A special trait of cannellini beans is that they are fat-free, so you will never worry about putting on fat. Instead, you will get lots of magnesium, iron, folate, and fiber. This kind of diet is quite good for the maintenance of your blood pressure level.
Being one of the rare edible seeds from the infamous family of Legumes, it’s only natural that green Lentils is popular. Yet, aside from the lens shape and some traditional recipes, most people practically have no clue about these beans. A prime example is that they don’t know there are many types of lentils.
The main way to categorize these types is by looking at their color. The brown ones are the lentils we are all familiar with, having that signature earthy flavor. They can replace chickpeas in soups and stews as their shape-holding capability is almost the same.
The Puy is the yellow-brown lentil, and its size is typically only 1/3 of a brown lentil. These Le Puy specialties have a distinct peppery taste, allowing them to replace chickpeas and elevate dishes like curries. You do need to be careful about the ratio between the lentils and pepper, though.
All kinds of lentils, especially black lentils, share one similarity in their huge proportion of vitamin B. As such, eating them regularly can improve your brain function, energy level, as well as cell metabolism. Daily vitamin B intake also prevents infection due to the cells being stronger.
Soybeans, or soya beans, have been an essential kitchen ingredient in the East for thousands upon thousands of years. There is evidence showing that it was domesticated by ancient Chinese circa 7000 BC. Then, its usage spread to other East Asian countries, namely Japan and Korea.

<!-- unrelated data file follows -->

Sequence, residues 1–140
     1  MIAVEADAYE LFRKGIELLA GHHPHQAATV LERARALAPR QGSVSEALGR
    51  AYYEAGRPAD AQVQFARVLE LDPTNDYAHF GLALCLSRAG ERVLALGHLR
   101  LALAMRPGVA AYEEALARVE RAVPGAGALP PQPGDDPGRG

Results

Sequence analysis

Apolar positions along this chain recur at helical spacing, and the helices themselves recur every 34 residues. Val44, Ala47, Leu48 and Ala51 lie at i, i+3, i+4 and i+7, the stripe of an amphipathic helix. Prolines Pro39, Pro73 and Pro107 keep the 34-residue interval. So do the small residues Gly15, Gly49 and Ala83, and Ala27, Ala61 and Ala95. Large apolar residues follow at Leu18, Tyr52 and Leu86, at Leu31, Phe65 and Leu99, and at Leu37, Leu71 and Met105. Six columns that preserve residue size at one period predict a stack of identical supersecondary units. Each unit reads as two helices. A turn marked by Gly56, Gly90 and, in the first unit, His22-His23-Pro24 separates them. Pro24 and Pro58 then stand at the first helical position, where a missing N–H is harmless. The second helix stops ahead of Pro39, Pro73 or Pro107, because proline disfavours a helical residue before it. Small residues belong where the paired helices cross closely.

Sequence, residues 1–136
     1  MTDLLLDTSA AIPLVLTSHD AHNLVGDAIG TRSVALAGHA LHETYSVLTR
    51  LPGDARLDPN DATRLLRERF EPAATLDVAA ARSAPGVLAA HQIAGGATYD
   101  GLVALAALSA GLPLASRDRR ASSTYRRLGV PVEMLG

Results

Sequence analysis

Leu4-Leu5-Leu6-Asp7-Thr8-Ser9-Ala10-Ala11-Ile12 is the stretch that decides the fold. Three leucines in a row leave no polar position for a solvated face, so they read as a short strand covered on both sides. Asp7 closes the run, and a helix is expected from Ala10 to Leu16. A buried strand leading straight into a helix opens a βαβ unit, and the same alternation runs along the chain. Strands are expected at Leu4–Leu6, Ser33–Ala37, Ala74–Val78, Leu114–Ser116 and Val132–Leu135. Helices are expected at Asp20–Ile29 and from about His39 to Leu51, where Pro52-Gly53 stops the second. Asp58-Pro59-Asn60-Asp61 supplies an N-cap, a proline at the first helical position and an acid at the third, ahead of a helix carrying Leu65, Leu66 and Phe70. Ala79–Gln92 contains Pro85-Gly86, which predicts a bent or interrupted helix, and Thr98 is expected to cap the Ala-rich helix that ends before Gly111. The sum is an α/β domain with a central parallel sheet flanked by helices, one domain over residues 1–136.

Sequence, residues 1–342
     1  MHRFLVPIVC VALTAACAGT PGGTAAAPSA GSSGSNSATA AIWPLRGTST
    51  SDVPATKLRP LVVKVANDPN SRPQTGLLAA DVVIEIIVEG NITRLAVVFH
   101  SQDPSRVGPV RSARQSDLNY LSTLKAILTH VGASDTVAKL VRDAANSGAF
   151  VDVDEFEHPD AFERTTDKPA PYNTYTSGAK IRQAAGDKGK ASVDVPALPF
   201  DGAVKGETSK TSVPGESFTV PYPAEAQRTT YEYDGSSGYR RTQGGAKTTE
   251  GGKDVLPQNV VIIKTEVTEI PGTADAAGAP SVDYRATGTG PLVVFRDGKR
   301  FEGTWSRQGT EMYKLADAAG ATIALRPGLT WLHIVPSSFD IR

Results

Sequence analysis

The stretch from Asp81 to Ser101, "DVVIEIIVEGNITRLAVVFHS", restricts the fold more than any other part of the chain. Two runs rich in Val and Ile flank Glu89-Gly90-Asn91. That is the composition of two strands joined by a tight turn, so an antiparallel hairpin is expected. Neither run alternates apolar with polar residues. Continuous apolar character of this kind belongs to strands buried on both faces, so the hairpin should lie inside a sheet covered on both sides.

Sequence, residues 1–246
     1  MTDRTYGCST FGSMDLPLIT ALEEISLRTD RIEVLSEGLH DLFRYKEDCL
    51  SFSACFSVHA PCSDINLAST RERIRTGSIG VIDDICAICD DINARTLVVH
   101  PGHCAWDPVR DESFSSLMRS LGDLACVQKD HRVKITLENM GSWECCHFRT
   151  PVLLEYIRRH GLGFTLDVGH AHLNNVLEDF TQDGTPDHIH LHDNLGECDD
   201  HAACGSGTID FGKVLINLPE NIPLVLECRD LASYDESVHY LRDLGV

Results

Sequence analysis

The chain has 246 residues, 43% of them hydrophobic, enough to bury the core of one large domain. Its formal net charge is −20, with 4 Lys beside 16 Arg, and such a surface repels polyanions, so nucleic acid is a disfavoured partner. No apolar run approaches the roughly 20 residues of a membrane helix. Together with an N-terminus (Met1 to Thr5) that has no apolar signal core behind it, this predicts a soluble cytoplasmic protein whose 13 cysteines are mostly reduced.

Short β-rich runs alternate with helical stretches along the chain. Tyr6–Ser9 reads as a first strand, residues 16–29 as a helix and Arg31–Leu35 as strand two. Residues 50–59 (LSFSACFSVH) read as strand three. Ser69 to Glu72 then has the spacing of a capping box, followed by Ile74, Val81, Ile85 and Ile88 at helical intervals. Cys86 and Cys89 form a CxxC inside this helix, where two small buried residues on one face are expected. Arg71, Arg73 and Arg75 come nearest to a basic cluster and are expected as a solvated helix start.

Some people in the West may not know about it, but they surely have heard of its alternative form, the tofu. It is not at all an overstatement to call this type of bean the most important bean economically. After all, it is a reliable source of vegetable proteins for millions of people.
You can only use these beans as a replacement for ground chickpeas in slow-cooking dishes. The reason for this limitation is the fact that you need to pressure-cook the beans for a while to soften them. Once they are soft, however, you will experience true bliss with each bite.
Soybean is a special case where a moderate consumption rate will help you reduce the risk of getting cardiovascular diseases. However, you should be careful, as it has isoflavone, an estrogen-like compound. Overconsumption of this compound means a higher chance of cancer.
6. Mung Beans
Also known as munggo, monggo, maash, and green gram, mung bean is a specialty of East and South Asia. At first, it originated from India and then spread across Southeast Asia as well as China. It is not that common in the U.S., but you can find some mung beans in health food stores.
The pods of mung bean stretch to 3 inches long with 10-15 seeds inside. These seeds have a mainly green color, with a white stripe in the middle.
Mung beans have a slightly sweet flavor, which some people can find a little bit bland. Nevertheless, this lack of unique flavor can be a strong advantage if you intend to use them as a substitute for garbanzo beans. In fact, it can replace a variety of beans, not just chickpea.
All you need to do is pick meals that require garbanzo beans, but they should not be the main attraction. For instance, you can use mung beans instead of garbanzo for dhal or curries. The spices will overshadow the difference between the two ingredients.
There is quite a high concentration of antioxidants like cinnamic acids, phenolic acids, flavonoids, caffeic acids, etc., in these beans. These antioxidants are good for the neutralization of free radicals, a type of harmful molecules destroying cellular components.